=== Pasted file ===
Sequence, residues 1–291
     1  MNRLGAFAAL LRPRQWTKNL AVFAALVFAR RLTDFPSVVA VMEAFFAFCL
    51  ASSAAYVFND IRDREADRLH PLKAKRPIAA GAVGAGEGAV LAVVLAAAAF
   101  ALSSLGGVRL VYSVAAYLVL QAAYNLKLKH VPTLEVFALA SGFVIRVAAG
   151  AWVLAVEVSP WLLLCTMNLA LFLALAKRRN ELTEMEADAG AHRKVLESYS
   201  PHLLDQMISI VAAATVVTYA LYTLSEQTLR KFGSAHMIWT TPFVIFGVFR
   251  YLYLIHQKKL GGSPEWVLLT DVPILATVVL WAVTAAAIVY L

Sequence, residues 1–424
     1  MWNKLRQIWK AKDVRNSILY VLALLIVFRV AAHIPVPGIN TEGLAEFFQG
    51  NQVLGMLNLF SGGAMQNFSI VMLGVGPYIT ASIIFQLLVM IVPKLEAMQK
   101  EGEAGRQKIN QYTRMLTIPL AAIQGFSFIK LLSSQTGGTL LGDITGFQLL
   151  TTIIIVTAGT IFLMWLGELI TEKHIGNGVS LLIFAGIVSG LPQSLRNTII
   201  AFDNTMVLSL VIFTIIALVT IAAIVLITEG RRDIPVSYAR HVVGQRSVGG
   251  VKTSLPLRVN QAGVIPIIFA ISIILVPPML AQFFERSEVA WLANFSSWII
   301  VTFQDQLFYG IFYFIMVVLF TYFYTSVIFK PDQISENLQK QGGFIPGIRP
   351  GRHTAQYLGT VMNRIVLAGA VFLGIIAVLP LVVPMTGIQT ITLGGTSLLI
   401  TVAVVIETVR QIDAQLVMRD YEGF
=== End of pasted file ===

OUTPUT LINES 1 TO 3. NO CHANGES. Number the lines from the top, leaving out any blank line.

Sequence, residues 1–291
     1  MNRLGAFAAL LRPRQWTKNL AVFAALVFAR RLTDFPSVVA VMEAFFAFCL
    51  ASSAAYVFND IRDREADRLH PLKAKRPIAA GAVGAGEGAV LAVVLAAAAF